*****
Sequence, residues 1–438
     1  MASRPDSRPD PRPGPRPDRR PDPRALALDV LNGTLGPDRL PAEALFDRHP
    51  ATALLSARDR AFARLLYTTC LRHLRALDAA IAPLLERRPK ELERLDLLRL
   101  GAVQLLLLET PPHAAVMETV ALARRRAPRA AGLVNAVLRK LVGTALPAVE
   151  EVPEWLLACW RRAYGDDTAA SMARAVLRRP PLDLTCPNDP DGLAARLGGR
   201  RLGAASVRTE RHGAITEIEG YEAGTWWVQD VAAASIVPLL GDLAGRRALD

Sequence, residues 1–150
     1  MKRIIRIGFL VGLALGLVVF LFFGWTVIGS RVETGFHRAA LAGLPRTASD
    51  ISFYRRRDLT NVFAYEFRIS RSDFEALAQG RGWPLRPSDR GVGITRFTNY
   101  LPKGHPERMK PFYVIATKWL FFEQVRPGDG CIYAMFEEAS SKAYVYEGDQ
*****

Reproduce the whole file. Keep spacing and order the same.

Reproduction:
Sequence, residues 1–438
     1  MASRPDSRPD PRPGPRPDRR PDPRALALDV LNGTLGPDRL PAEALFDRHP
    51  ATALLSARDR AFARLLYTTC LRHLRALDAA IAPLLERRPK ELERLDLLRL
   101  GAVQLLLLET PPHAAVMETV ALARRRAPRA AGLVNAVLRK LVGTALPAVE
   151  EVPEWLLACW RRAYGDDTAA SMARAVLRRP PLDLTCPNDP DGLAARLGGR
   201  RLGAASVRTE RHGAITEIEG YEAGTWWVQD VAAASIVPLL GDLAGRRALD

Sequence, residues 1–150
     1  MKRIIRIGFL VGLALGLVVF LFFGWTVIGS RVETGFHRAA LAGLPRTASD
    51  ISFYRRRDLT NVFAYEFRIS RSDFEALAQG RGWPLRPSDR GVGITRFTNY
   101  LPKGHPERMK PFYVIATKWL FFEQVRPGDG CIYAMFEEAS SKAYVYEGDQ